Shoriki pressured Hopkins to travel to Tokyo to deliver the message in person; at the first hint of assent, the Yomiuri splashed the news on its front page. With all the hoopla that had heralded the arrival of Babe Ruth more than 20 years earlier, the paper played up the visit in May 1955. Shoriki used giant screens artfully erected on street corners both to spread the pro-nuclear message and to boost the fledgling NTV’s ratings.
At the same time he and some of his pronuclear cronies in parliament were pulling strings, with results that still resonate. He won a Diet seat on a nuclear-energy platform, then helped form the Liberal Democratic Party. It ruled Japan for almost all of the next 55 years (and is now returning to power). In January 1956, as a cabinet member of the first LDP government, he was appointed president of Japan’s new Atomic Energy Commission. To the surprise and horror of some of the scientists on the commission, his first announcement was that Japan would have a reactor within five years. He never let practicalities get in the way of a story.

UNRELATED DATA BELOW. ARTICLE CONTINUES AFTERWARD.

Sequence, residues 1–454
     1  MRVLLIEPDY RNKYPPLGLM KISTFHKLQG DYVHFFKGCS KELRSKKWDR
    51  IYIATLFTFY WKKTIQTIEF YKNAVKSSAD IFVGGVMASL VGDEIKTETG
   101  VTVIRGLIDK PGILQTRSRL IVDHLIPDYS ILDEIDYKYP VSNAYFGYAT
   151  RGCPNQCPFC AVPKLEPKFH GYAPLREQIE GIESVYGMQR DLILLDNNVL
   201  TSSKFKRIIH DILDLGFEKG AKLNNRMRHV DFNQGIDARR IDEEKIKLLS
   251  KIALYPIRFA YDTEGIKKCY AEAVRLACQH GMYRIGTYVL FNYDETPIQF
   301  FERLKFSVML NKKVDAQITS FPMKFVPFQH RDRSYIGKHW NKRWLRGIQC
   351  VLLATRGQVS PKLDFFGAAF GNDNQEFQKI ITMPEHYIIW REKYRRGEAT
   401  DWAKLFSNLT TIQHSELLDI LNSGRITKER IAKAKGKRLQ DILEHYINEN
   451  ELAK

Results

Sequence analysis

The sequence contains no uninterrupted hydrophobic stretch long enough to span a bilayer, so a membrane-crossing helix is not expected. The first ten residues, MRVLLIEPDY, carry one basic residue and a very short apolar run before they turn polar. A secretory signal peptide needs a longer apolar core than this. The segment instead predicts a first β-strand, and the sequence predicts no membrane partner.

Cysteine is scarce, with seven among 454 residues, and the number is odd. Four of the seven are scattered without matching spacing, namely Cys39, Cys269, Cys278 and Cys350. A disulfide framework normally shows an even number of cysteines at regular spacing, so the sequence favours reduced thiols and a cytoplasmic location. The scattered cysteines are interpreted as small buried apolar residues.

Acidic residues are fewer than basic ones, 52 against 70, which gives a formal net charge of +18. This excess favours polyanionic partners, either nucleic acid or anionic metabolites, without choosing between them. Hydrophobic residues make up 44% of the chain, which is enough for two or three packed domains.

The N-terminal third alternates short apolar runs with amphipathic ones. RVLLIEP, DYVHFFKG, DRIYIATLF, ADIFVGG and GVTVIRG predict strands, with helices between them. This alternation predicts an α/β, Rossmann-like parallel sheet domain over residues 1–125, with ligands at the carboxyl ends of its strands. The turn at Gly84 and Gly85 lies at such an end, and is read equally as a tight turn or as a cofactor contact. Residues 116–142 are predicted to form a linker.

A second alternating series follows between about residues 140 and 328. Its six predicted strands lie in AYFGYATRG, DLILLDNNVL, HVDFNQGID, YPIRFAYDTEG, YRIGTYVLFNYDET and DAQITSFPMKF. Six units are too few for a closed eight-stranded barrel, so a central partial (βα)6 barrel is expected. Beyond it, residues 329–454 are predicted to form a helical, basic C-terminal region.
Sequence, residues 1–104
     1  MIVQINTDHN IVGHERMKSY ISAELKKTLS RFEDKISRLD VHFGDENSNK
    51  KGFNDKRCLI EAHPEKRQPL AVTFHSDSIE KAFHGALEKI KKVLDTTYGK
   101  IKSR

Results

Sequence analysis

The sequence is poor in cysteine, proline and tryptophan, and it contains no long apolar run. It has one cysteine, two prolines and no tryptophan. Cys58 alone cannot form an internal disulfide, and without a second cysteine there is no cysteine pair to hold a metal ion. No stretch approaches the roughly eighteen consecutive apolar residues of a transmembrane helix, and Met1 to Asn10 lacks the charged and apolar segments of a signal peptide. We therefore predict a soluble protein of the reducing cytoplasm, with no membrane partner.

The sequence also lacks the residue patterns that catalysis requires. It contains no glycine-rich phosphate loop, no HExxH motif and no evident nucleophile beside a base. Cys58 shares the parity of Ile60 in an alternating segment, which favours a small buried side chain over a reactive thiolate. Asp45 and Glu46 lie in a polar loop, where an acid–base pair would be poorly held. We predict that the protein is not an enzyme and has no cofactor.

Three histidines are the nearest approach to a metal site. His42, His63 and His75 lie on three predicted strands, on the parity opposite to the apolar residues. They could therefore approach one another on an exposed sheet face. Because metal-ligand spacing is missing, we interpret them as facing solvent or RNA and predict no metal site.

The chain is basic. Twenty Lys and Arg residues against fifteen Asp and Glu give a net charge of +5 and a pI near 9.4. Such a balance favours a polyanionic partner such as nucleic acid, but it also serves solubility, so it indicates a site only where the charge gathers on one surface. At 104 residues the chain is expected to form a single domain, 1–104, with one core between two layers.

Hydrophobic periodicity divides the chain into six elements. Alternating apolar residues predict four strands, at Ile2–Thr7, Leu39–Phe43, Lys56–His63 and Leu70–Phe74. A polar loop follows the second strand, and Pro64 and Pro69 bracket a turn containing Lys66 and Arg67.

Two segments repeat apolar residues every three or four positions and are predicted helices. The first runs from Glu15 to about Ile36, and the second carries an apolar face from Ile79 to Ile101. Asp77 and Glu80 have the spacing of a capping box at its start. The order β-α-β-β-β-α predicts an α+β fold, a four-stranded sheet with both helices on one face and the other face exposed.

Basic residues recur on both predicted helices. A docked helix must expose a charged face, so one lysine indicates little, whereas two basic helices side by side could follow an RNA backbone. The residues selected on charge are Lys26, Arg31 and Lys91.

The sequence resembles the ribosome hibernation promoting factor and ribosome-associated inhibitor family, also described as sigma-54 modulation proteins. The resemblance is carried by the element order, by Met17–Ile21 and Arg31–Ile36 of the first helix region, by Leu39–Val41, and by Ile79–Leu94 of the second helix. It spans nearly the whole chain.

The same Liberal Democratic Party of current Japanese Prime Minister Shinzo Abe: Japan’s Nuclear Salesman-In-Chief, as Sebastian Sarmiento-Saher called him in The Diplomat, 3 July 2013.
In order to promote Japan’s peaceful nuclear technology exports abroad, Tokyo has recently reached out to a number of countries including the United Arab Emirates (UAE), France, Turkey, India, and the Visegrad Four (V4), which is composed of the Czech Republic, Hungary, Poland, and Slovakia.
In the UAE, Mr. Abe and Prime Minister Sheikh Mohammed bin Rashif al-Maktoum established a nuclear cooperation agreement under which Japanese firms would supply the UAE with components for the ongoing construction of a nuclear power facility. Mr. Abe then signed a deal with the Turkish government for a consortium of Japanese and French companies to build a nuclear power plant and to then supply it once it is completed. Back in Tokyo, Mr. Abe hosted French President François Hollande last month, engaging a would-be competitor in an agreement to cooperate in nuclear technology exports.